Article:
The church, according to Fr. Juknialis, has the responsibility to educate children and young adults because it goes hand in hand with education, whether public or private. In his work with couples who are approaching marriage and in asking them if they think it’s wrong to get drunk, Fr. Juknialis said that many feel drinking too much is OK as long as they don’t drive.

“Even young adults who are of the age of 21 don’t seem to think that there’s anything problematic about getting drunk as long as you’re not driving,” he said. “…I think … it isn’t something that we just deal with adults, I think we need to deal with that responsibly with children in the grade school bringing them up with that and in the high school and in religious education programs, but also in the public education system of just being responsible adults in our community.” he said.

Carol Huck, a teacher at St. Mary’s Springs Academy High School in Fond du Lac, said she covers the topic of alcohol abuse and poor sexual decisions in classes like health, and when talking about the sacrament of marriage and morality. She also works with 12 students on the Assist Survivors Treatment Outreach Prevention (ASTOP) committee for sexual assault awareness month, where they discuss issues with sexual assaults, decision-making and alcohol.

“The focus is on both levels the abuse of alcohol…looking at what’s social drinking, what’s misuse, what’s abuse and what becomes addiction for alcohol, and talking about behaviors that certainly are happening with young people in terms of drinking with misuse and abuse of alcohol and tying always in each of the areas to, of course, what that means in terms of making poor decisions regarding one’s sexual behavior and often leading to sexual behavior under the influence,” Huck said.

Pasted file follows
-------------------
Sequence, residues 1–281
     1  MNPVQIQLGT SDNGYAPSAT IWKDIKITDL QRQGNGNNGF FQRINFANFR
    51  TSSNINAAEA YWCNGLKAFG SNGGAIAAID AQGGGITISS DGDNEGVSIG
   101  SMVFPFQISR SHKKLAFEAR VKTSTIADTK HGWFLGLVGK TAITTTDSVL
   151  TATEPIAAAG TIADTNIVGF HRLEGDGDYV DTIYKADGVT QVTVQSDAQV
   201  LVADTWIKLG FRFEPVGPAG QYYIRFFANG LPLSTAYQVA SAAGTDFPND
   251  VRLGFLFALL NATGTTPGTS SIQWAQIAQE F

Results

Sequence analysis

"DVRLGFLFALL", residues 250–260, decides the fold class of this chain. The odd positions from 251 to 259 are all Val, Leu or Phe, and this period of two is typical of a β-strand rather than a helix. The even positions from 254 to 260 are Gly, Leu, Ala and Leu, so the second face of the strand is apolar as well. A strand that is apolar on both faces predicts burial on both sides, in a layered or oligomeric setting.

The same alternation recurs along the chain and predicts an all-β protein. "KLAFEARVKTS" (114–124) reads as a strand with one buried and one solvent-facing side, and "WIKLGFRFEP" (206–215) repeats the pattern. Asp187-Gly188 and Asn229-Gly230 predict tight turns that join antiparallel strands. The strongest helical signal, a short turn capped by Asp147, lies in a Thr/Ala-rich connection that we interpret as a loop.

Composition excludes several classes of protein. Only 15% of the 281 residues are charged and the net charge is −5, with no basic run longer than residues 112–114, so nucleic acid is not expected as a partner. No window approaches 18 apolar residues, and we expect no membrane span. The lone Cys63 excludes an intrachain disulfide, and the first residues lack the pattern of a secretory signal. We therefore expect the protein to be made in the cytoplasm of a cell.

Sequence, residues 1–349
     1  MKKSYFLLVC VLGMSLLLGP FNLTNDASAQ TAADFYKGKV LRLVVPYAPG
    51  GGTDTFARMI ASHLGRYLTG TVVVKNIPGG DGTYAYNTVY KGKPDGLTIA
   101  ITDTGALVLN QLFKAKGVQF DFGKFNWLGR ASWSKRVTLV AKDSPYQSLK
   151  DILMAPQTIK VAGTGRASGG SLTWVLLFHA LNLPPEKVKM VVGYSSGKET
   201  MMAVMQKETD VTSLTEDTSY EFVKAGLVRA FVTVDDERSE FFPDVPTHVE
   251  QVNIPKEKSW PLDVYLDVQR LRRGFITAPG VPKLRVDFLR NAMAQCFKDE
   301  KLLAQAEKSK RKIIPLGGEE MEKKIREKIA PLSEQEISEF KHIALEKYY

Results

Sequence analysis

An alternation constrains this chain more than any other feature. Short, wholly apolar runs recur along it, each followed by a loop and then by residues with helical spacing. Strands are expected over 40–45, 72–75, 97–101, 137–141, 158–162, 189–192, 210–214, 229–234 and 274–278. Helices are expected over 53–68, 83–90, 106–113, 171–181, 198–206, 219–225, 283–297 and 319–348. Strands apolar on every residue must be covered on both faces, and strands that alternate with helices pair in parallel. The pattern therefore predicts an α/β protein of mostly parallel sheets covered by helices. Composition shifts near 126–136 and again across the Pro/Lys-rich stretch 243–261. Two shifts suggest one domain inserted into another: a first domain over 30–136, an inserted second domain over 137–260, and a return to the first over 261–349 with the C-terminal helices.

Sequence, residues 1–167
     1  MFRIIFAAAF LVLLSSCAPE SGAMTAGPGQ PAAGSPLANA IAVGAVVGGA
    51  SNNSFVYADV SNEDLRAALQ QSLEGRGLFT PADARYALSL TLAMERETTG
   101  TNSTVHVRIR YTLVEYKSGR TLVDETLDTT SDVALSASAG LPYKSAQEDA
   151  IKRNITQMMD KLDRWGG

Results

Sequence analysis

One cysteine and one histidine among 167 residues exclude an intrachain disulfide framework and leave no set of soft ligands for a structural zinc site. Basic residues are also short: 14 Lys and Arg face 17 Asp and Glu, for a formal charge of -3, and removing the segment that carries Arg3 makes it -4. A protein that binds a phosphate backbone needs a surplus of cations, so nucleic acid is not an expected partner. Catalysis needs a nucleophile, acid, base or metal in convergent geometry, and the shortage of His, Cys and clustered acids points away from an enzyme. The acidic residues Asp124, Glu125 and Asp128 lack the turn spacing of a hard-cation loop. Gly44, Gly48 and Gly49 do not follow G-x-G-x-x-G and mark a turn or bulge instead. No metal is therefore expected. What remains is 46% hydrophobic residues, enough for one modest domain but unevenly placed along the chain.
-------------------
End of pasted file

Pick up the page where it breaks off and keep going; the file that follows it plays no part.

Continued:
During the health unit last year, Huck had a recovering alcoholic come into her class to give a presentation on his journey with alcoholism. St. Mary’s, Huck said, is also working to have an all-school assembly that would explain and share the journey and healing of someone recovering from alcoholism with all students. While the high school doesn’t have a formal program for students who may have to deal with alcoholism in some form in their lives, they do have a peer helper group that trains with two area public high schools. “In there it is an issue of recognizing and helping teens to make positive decisions; it’s part of the direction (of) that organization and that comes through, in terms of being facilitated, I would say more through counseling. And so if there was an issue that arose, what they would have been trained is who do you go to, to get that information so that there can be follow up to help this person have intervention,” she explained.

In teaching morality classes, Huck said the issue of alcohol abuse is about self-control and respect. “Respecting the body that has been given to you and the alcohol piece that I do with them comes out of the chapter where we do other respect issues – suicide, eating disorders, and then alcohol,” Huck said, in addition to sexuality and respect life issues. “…so, that certainly would come in, in terms of what we’re called to do in the Commandments in taking care of our body and honoring God by what we do with our body.”